Keno Walter-White, who had memorable camp duels with receiver Derek Hagan last year and, when healthy, usually covered the opposing team’s best wideout, is back. He missed last year’s Insight Bowl with a foot injury and is by no means guaranteed a starting spot.
Cornerback will probably be the position with the fiercest, most crowded competition for playing time.
Junior-college transfers Justin Tryon and Chris Baloney are both highly regarded, and redshirt freshmen Grant Crunkleton and Travis Smith had their moments in practice as scout-teamers a year ago.
Chad Green boasts experience but has had problems staying healthy, and Littrele Jones is a former walk-on who has played mostly on special teams.
7 Will the punting unit find some stability?
Punting was an adventure for the Sun Devils at times last season, with four kicks blocked and a demotion that led to a transfer. Chris MacDonald, replaced by kicker Jesse Ainsworth in October, is now at Division I-AA Texas State.
Ainsworth had no blocks but averaged just 35 yards a boot.
Enter JC transfer Jonathan Johnson, who averaged 37.8 yards a punt in 2005.
He has three years to play two, meaning that if Johnson cannot win the punting chores from Ainsworth, he will redshirt this season.
8 How is Terry Richardson’s head?
The talented but often-tardy wide receiver and kick returner has driven his head coach batty at times, as Koetter said during the summer that his status “depends on what day it is.”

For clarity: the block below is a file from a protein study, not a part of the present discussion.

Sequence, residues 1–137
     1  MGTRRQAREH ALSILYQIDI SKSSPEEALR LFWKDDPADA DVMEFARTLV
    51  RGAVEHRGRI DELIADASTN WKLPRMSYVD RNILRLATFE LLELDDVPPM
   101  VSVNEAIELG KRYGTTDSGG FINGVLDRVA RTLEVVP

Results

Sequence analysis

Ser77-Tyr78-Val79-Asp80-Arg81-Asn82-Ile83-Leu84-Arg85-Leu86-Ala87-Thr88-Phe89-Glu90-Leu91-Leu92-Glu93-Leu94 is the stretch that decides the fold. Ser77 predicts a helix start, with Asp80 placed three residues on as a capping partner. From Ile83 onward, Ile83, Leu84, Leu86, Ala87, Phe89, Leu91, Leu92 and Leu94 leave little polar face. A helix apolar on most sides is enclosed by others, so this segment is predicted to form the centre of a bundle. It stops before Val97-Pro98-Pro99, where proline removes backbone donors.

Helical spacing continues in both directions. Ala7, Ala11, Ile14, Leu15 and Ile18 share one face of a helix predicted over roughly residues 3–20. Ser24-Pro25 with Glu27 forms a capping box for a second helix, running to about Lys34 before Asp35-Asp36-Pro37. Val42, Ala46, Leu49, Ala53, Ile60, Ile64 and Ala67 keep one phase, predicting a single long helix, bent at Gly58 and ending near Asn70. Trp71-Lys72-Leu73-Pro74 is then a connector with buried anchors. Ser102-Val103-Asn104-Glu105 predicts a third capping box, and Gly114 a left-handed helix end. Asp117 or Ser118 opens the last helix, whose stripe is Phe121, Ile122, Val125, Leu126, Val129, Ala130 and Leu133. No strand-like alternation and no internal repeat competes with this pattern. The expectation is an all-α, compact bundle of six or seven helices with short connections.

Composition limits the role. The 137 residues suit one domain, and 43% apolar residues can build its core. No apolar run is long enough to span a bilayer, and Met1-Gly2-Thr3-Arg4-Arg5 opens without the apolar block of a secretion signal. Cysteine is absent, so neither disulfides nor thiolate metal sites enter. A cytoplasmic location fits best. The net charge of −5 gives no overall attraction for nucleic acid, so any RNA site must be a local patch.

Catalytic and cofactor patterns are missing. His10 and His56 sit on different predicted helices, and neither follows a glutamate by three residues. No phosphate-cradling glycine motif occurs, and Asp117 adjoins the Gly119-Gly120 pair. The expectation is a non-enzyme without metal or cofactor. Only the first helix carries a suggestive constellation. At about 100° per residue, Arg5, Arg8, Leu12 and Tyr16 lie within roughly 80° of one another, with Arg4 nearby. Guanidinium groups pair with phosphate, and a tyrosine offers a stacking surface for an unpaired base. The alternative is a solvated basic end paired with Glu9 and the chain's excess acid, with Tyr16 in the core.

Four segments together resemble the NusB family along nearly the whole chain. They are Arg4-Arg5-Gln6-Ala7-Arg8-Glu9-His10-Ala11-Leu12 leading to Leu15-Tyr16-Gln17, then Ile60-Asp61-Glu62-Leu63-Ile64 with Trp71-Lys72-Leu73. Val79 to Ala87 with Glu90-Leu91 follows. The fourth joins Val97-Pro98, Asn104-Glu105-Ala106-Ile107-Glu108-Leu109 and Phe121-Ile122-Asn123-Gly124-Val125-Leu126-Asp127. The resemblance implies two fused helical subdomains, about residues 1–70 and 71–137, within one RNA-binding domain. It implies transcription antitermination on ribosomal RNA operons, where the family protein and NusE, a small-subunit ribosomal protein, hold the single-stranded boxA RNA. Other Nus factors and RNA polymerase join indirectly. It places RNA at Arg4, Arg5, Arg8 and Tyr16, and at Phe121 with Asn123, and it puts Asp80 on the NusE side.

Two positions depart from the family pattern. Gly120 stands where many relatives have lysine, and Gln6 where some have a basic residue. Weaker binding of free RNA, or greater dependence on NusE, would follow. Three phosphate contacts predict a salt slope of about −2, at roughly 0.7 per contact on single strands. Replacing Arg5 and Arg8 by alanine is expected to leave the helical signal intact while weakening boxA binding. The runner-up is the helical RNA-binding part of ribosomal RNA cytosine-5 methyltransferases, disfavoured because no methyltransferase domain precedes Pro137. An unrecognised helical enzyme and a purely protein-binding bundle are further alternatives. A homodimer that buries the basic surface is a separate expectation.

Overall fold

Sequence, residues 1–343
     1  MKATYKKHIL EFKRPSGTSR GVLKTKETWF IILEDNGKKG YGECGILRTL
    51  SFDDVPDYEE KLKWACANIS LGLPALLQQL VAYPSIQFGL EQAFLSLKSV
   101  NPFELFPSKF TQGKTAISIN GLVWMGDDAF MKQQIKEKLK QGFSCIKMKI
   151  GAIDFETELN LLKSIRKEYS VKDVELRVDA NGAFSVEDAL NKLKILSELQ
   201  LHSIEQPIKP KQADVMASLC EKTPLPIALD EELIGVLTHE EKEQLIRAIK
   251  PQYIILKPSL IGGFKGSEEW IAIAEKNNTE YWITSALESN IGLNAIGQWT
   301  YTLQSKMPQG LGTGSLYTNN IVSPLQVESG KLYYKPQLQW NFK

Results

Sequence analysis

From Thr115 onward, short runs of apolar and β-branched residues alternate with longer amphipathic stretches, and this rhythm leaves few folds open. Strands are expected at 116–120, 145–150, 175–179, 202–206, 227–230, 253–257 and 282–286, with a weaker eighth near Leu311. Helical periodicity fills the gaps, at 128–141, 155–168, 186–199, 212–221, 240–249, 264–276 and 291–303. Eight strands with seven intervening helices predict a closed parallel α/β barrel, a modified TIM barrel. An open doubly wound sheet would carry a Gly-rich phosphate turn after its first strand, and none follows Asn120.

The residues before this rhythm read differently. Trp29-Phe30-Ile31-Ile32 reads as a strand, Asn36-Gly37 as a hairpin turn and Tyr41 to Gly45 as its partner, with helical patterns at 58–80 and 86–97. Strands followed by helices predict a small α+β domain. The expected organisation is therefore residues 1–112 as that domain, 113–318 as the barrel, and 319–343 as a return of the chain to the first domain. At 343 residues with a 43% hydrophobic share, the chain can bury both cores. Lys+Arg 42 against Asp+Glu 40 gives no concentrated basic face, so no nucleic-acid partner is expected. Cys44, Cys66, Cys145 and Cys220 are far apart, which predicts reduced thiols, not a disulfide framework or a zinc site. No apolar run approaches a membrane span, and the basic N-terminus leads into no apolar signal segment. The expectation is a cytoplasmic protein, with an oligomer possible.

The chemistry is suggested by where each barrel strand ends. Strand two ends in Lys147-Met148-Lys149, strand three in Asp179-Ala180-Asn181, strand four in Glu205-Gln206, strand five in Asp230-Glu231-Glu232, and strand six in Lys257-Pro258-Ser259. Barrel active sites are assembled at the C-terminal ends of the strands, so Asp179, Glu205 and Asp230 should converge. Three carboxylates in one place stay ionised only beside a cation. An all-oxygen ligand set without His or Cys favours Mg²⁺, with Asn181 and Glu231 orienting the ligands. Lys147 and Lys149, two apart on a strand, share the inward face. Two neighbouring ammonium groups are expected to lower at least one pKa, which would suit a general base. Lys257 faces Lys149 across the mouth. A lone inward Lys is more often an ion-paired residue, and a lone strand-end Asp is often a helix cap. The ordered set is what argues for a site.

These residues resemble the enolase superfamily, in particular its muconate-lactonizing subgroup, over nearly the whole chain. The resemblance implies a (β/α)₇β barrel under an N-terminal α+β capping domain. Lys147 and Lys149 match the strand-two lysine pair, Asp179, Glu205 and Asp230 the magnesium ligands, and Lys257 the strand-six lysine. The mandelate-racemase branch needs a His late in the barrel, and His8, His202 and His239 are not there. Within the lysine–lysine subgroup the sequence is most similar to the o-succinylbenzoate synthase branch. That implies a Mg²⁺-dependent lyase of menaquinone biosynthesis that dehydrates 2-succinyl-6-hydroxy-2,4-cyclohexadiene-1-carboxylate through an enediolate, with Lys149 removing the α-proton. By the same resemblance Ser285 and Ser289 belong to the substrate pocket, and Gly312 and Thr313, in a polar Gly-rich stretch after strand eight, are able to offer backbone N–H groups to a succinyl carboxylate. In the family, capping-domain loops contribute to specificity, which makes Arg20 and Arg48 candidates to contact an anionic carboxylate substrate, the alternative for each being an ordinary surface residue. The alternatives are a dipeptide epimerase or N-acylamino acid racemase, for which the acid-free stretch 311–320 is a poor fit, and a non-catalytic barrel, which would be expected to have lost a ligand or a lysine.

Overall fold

Koetter sent Richardson a wake-up call by suspending him for spring practice. The senior, who has spent hours in post-practice disciplinary running, needed to get the message, for two reasons:
A receiving unit in which he is, by far, the most experienced player, will be aided by his presence. Also, Richardson has the body (6-foot-1, 188 pounds) and talent to make a living in the NFL as a fourth or fifth receiver and kick returner, so he’d be wise to afford himself a chance to do that.
9 What will Jamaal Lewis’ role be?
Despite Lewis being big, athletic and owning good hands, the Sun Devils have had a dilemma on where to play him.
He will not unseat Zach Miller at tight end or Brent Miller at H-back, and Lewis has not shown the consistency necessary to be an every-down wide receiver. However, his big-play ability (he averaged 19.6 yards a catch in 2005) dictates that ASU needs to find a position for him.
Lewis worked on the outside this spring, to less-than-glowing reviews. The likely options for Lewis — who Koetter has implored to apply himself more — are filling the slot-receiver role on passing downs or giving the Millers a rest at their respective positions.
10 How much responsibility will Roy Wittke earn?
For the first time in his head coaching career, Koetter does not have the title of offensive coordinator. Wittke, who comes to ASU after serving as an assistant at Arkansas, now has that distinction.
But how much of the job Wittke has is to be determined. Former QBs coach Mark Helfrich gradually assumed most of the play-calling before becoming offensive coordinator at Colorado, and Koetter has said that some of Wittke’s game day responsibilities will be determined at camp.
“For Roy to come in here — and yes, he’s the offensive coordinator — he needs to have a picture of how everything works and keep everything going,” Koetter said. “There’s been a learning curve for him, but I’ve been impressed with with how Roy is a quick study, how hard he works.”